Library for driving Lixie edge-lit displays!
This library allows for easy writing to Lixie Panels! It takes care of all the addressing and updating for you!
- Getting Started
- Basic Functions
- Advanced Functions
- Debug Functions
- License and credits
The Lixie library relies on the FastLED library from Daniel Garcia, so make sure you have that installed as well!
With Arduino Library Manager:
- Open Sketch > Include Library > Manage Libraries in the Arduino IDE.
- Search for "Lixie", and select the latest version.
- Click the Install button and Arduino will prepare the library and examples for you!
- Click "Clone or Download" above to get an "Lixie-arduino-master.zip" file.
- Extract it's contents to the libraries folder in your sketchbook.
- Rename the folder from "Lixie-arduino-master" to "Lixie".
HERE!*Getting Started has moved to it's own guide
Some Basic Functions
Inititalizes the underlying FastLED library and sets up variables like the digit colors.
Clears all displays, all lights off.
lix.write(int input OR char* input);
int: Clears the displays, and pushes in a multi-digit integer as in: 2016 char*: Clears the displays, and pushes in a char array as in: "2016". This ignores any non-numeric chars in the string, allowing you to send "12:52:47 PM" and have the displays show "12 52 47" for a clock.
lix.color(byte r, byte g, byte b);
Sets the "on" color of the digits using RGB. This is the color of an active number in the display. (Default: 255,255,255)
lix.color_off(byte r, byte g, byte b);
Sets the "off" color of the digits using RGB. This is the color of all inactive numbers in the display. (Default: 0,0,0)
Force the Lixies to update with current values and colors. Called automatically after every write call.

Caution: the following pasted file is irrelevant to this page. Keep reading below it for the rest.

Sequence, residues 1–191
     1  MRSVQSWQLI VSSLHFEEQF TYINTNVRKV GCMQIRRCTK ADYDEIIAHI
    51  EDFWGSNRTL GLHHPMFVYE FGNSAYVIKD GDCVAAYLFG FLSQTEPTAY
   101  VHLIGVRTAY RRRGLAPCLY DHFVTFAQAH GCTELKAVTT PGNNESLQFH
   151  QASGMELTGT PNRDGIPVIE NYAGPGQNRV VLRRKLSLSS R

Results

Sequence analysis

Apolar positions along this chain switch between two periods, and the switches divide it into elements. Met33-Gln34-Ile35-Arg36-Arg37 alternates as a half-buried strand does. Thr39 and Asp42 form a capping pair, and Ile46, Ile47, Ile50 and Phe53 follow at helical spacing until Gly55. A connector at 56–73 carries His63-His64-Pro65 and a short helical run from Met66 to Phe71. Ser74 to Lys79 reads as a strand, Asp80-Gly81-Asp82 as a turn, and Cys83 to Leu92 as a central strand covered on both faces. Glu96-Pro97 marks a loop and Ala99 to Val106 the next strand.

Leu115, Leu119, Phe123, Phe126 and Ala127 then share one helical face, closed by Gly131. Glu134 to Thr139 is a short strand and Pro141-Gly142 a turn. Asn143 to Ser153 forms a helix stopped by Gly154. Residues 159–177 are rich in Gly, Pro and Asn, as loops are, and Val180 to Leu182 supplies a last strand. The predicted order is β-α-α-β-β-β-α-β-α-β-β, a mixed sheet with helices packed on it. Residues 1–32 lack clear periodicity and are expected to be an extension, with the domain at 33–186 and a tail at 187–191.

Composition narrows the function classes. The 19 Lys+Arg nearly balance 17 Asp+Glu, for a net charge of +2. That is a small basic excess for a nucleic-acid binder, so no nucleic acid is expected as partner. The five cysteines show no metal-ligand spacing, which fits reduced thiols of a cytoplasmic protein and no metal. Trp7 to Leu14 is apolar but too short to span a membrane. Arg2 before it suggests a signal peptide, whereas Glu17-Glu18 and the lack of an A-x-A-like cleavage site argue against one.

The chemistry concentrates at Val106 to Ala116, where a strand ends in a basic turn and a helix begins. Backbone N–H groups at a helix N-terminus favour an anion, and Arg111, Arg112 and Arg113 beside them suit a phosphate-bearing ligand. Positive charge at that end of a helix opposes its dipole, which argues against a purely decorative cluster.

Some Advanced Functions
The best damn Not-A-Nixie-Tube out there. Includes a well balanced amber digit, with neon aura emulation for a very convincing look.
Sets the brightness of the displays, from 0 - 255. (Default: 255)
Sets a color calibration for the LEDs. Supports all FastLED color temperatures, and custom temperatures in the form CRGB(r, g, b). (Default: Tungsten100W / R: 255 G: 214 B: 170)
lix.max_power(int volts, int milliamps);
Sets a software power limit for all Lixies. Displaying white at full brightness, a Lixie will draw approximately 1200mA. (Default: 5V, 1000mA)
Returns the number of Lixie displays currently in use, as an integer.
Returns true if the input is too large to fit on the displays, false otherwise.
Returns a pointer to the CRGB array that holds the color values sent to the displays. The library's show() function overwrites the values in this array, so call FastLED.show() to see any changes.
The library also includes a few debugging functions if you're having issues with your displays. These functions require that the Serial library be initialized with "Serial.begin(speed)" before they will work.
Prints the values of the led_states array, in binary, to the serial console.
Prints the current values on the display, in integers, to the serial console.
Returns the current number the display is showing in uint32_t form.
At the moment the library uses dynamic allocation for the LED arrays, which is not reported as allocated memory by the compiler. If your microcontroller is doing strange things, the first thing to check is that you have at least 70 bytes of dynamic memory available per Lixie digit.
If you've discovered a bug in the library, please create an issue on the Github repository so it can be fixed!
Any advice or pull requests are welcome. :)
License and Credits
Developed by Connor Nishijima (2016)
Pull Request Hall of Fame:
Released under the GPLv3 license.